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Slavery and America's Bastard Republicanism

Frederick Douglass

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Abolition Movement  |  

Citation Information:  Frederick Douglass, "Slavery and America's Bastard Republicanism: An Address Delivered in Limerick, Ireland, on 10 November 1845," The Frederick Douglass Speeches, 1841-1846.



    Limerick Reporter, 11 November 1845.

  1. Mr. Douglas(s) (for that is his name) proceeded to address them. He said slavery was a question in which every human being ought to feel a deep interest. It aimed at, and accomplished, the destruction of all the rights of men. It was an enemy of the entire human family. The principle that enslaved the black would enthrall the white, and the spirit of tyranny that for the last 300 years made the children of Africa its victims, would devote every one whom he now addressed to its cruel altar. It was a strange contradiction that in human character, that in a country that boasts to be the freest in the world, slavery exists in its worst and most aggravated forms—a country that threw off the yoke of colonial bondage for a three-penny tax on tea, proceeding upon the principle that all men were equal, and yet was the propagator of the heinous crime of slavery. It was to slavery, as it existed in the United States, he alluded, and he thought he might be permitted to speak of it, having himself endured its woes, and felt the bloody lash.

  2. He had been met with the objection that slavery existed in Ireland, and that therefore there was no necessity for describing its character as found in another country (hear, hear). His answer was, that if slavery existed here, it ought to be put down, and the generous in the land ought to rise and scatter its fragments to the winds (loud cheers).—But there was nothing like American slavery on the soil on which he now stood. Negro-slavery consisted not in taking away a man's property, but in making property of him, and in destroying his identity—in treating him as the beasts and creeping things. GOD had given the negro a conscience and a will, but his conscience was no monitor to him, for he had no power to exercise his will—his master decided for him not only what he should eat and what he should drink, what he should wear, when and to whom he should speak, how much he should work, how much and by whom he is to be punished—he not only decided all these things, but what is morally right and wrong. The slave must not even choose his wife, must marry and unmarry at the will of his tyrant, for the slave-holder had no compunction in separating man and wife, and thus putting asunder what GOD had joined together. Could the most inferior person in this country be so treated by the highest? If any man exists in Ireland who would so treat another, may the combined execrations of humanity fall upon him, and may he be excluded from the pale of human sympathy!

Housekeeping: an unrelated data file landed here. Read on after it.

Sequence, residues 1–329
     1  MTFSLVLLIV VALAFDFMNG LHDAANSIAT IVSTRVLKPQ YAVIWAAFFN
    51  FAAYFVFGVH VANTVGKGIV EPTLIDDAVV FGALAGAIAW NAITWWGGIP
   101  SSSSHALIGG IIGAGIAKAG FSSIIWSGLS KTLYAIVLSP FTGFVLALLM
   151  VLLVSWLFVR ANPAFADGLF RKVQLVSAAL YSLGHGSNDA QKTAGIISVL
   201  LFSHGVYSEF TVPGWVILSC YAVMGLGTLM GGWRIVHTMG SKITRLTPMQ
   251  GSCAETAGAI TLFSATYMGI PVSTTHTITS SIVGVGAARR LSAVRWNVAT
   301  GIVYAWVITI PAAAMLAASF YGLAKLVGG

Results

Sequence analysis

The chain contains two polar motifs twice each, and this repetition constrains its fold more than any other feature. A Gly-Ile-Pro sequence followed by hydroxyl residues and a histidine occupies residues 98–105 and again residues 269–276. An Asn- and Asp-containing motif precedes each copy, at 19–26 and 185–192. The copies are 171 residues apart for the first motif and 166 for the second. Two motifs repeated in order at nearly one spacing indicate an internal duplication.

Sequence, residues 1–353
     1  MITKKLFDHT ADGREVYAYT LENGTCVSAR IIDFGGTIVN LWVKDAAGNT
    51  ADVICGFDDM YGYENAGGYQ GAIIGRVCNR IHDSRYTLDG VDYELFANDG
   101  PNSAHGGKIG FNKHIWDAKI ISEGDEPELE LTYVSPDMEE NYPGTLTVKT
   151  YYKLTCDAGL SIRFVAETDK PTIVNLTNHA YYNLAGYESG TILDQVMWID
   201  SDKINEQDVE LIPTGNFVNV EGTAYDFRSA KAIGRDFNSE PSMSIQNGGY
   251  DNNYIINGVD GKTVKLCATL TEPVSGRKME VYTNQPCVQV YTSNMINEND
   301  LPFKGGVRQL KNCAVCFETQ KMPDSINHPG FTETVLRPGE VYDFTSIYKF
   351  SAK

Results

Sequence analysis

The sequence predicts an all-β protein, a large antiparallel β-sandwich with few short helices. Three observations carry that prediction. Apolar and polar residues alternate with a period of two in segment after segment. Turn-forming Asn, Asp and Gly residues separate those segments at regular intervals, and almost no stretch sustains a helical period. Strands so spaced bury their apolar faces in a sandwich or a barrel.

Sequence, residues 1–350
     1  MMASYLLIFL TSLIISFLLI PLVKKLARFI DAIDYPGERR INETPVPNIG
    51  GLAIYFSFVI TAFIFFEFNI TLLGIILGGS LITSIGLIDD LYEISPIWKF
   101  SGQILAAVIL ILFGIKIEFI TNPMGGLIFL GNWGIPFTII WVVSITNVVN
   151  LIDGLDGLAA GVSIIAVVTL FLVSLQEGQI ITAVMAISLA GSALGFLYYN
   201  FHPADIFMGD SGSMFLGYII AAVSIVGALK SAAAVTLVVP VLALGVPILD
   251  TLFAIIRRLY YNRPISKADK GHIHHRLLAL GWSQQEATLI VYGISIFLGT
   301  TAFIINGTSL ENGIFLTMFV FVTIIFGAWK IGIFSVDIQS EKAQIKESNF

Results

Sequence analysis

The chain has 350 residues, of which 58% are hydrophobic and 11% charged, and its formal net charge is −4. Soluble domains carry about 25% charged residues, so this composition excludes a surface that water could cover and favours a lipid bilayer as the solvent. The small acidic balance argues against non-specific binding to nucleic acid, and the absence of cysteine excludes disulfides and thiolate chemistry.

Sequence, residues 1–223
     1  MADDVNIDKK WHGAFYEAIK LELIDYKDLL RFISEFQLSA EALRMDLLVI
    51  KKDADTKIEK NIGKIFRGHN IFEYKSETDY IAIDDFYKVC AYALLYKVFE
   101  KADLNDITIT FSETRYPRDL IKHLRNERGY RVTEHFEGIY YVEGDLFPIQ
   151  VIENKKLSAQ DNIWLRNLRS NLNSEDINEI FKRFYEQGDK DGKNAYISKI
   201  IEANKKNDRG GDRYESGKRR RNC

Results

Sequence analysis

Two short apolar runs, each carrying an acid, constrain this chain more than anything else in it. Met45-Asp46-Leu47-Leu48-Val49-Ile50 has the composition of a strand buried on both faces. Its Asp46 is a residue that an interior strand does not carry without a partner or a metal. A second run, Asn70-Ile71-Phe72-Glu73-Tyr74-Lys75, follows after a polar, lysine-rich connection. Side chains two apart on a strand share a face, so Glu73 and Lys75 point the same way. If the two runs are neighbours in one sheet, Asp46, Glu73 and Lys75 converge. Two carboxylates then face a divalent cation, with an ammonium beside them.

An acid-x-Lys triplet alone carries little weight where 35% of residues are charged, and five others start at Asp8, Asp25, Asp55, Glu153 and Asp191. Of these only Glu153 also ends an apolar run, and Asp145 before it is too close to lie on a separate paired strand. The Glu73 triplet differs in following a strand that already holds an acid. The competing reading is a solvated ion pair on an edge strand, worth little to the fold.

3. There was a feeling in some quarters that the descriptions given in this country of negro-slavery were all exaggerations. He had seen a sketch by a geologist, Doctor or Professor Lyell, who had gone from England on a tour to America, and returned from it apparently under the impression that the negro's lot was not an unenviable one. If this individual be only as loose in his reasoning, and as fallacious in his premises in geological matters, his theories were of little value. It was but eleven days' sail to America, and there was, therefore a great intercourse between the two counties. Tourists were constantly going over. Professor Lyell was a geologist, and when he visited the south where he saw slavery, but he was taken by the hand by the slave-holding geologists—he walked with their daughters, dined at their tables; in fact, lived with them. It was from these he received all his impressions of slavery, and was it (not) to be presumed that the wolf would say that the lamb loved to be eaten up by him (laugher, and cheers). Thus, even geologists were led astray. He said that slaves laughed and sung, and were, therefore, happy. This man was not he geologist for him. But he would not attack his geology, but his slaveology. And it was important that a slave who struck off his fetters should come forth and proclaim to the world what he experienced in his own person.

  4. He would, in the first place, proceed to show them some of the laws and the implements under which the bondsmen luxuriated.—(There were here loud cries of "hear, hear, hear." The speaker then said that in America they were not accustomed to much applause at public meetings, and without any wish to alter the customs of this country, or introduce American customs, he begged respectfully to say that he had no desire for any demonstrations of applause, and, considering the sacred character of the building in which they were assembled, he would prefer being allowed to proceed without them, as he was anxious not to give offence, or have it given to those who might have any objection to cheers.) Mr. Douglas(s) then proceeded to read extracts from the laws of the slave holding states, from which it appeared that a slave was liable to be whipped severely, and have his ear cut off for the most trivial offence, such as riding a horse without the written permission of his master. There were now 14 slaveholding states, Florida having been lately added to the union, and Texas was about to be added, which would make 15 slave-holding to 13 free states. Now, he charged the American nation with being emphatically responsible for slavery in the whole of the country. It was not peculiar to the Southern States, for all the states were united under one constitution, and that constitution protected and supported slavery.—for instance there was no one spot in all America upon which he could stand free.